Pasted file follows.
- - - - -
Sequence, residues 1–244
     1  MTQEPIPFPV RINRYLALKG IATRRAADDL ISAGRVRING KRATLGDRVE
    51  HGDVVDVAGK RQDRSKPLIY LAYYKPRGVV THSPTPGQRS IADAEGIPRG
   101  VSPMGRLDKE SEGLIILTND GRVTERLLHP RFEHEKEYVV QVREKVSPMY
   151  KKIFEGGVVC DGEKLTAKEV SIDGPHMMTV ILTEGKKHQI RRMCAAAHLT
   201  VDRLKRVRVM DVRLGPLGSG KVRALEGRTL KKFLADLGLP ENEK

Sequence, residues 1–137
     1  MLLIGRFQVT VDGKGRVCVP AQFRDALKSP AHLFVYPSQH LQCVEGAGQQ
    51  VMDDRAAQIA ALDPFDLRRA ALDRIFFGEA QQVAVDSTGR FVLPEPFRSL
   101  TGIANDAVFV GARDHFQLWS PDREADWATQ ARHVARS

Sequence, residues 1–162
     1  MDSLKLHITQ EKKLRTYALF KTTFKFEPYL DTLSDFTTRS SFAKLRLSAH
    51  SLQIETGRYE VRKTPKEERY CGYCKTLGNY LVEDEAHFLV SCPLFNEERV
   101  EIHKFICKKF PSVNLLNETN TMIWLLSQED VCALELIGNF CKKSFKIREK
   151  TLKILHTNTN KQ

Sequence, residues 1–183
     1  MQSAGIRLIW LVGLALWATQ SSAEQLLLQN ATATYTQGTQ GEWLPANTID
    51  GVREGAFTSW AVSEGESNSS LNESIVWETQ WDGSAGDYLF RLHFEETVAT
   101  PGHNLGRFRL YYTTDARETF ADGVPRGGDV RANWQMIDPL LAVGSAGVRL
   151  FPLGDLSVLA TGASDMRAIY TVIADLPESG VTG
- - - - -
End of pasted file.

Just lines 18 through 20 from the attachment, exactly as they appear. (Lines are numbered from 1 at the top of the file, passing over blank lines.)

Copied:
    51  GVREGAFTSW AVSEGESNSS LNESIVWETQ WDGSAGDYLF RLHFEETVAT
   101  PGHNLGRFRL YYTTDARETF ADGVPRGGDV RANWQMIDPL LAVGSAGVRL
   151  FPLGDLSVLA TGASDMRAIY TVIADLPESG VTG